Ted Nugent has reportedly joined a Jewish gun rights advocacy group after being sharply criticized for posting an image on Facebook blaming several prominent Jews for spearheading gun control.
- Ben Carson: Rabbis Agree That Gun Control Contributed to Holocaust
- Danish Star of 'The Bridge' Says anti-Semitism Made Him Uncomfortable in Sweden
- U.S. Band Eagles of Death Metal Brings Closure to Paris Massacre With Rousing Concert
Nicki Kenyon of the Zelman Partisans group wrote Monday that Nugent accepted the group’s honorary membership offer. The right-wing rocker also reportedly said he would wear kippah with the group’s logo on television.
Nugent had posted a graphic on Facebook on Feb. 8 that included Jewish leaders such as former New York City Mayor Michael Bloomberg, Chicago Mayor Rahm Emanuel and New York Senator Chuck Schumer branded with Israeli-flag icons.
“Know these punks. They hate freedom, they hate good over evil,” Nugent wrote in the post. “They would deny us the basic human right to self defense & to KEEP AND BEAR ARMS while many of them have tax paid hired ARMED security! Know them well. Tell every1 you know how evil they are. Let us raise maximum hell to shut them down!”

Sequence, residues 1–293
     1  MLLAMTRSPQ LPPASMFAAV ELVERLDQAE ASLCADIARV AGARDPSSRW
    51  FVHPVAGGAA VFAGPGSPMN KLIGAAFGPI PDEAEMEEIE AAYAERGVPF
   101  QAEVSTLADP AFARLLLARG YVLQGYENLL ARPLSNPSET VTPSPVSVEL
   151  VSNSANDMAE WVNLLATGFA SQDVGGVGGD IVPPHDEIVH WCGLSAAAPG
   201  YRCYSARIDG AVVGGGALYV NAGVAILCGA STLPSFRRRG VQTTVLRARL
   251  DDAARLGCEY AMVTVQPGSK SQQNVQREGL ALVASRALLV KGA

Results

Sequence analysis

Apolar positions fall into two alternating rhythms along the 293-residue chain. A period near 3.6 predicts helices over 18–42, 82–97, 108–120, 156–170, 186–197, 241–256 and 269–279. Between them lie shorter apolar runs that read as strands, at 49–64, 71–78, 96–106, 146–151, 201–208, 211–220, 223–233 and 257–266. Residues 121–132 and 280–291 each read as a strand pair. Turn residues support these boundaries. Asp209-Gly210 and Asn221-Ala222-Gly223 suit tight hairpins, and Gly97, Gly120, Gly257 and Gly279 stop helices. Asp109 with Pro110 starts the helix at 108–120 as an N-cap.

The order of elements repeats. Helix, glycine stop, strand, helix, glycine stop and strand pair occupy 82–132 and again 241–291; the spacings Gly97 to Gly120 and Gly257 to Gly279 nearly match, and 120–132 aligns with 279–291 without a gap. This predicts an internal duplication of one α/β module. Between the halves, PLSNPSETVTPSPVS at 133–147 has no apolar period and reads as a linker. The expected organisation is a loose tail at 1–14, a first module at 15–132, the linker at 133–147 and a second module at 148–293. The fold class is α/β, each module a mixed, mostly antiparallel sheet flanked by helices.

Nugent took to Facebook again after the initial response to his post and wrote: “Plummet on punks. Plummet on. Meanwhile I adjust my yamika [sic] at my barmitzva [sic] playing my kosher guitar. My dad killed nazis & saved Jews in WWII. Eat me.”
Kenyon claimed in a blog post on the Zelman Partisans website that Nugent, who was criticized by the Anti-Defamation League and the Simon Wiesenthal Center, among others, does not have “an anti-Semitic bone in his body” despite the fact that he posted an admittedly anti-Semitic image.
“Can I say oy vey?” Kenyon quoted Nugent as saying in a phone conversation. “I sincerely apologize for my irresponsible re-posting of such a nasty and offensive meme. In my rush between songwriting jams and musical recording frenzy, all I saw was the images of people dedicated to disarm us, I made no connection whatsoever to any religious affiliation. Everyone knows deep down that at 67 years of age I didn’t suddenly become anti-Semitic. That’s patently ridiculous, and those who rushed to such a mistaken condemning judgement should re-examine the system by which such equally irresponsible knee-jerk judgments are made.”
Kenyon wrote that her group sent Nugent a membership packet and a kippah.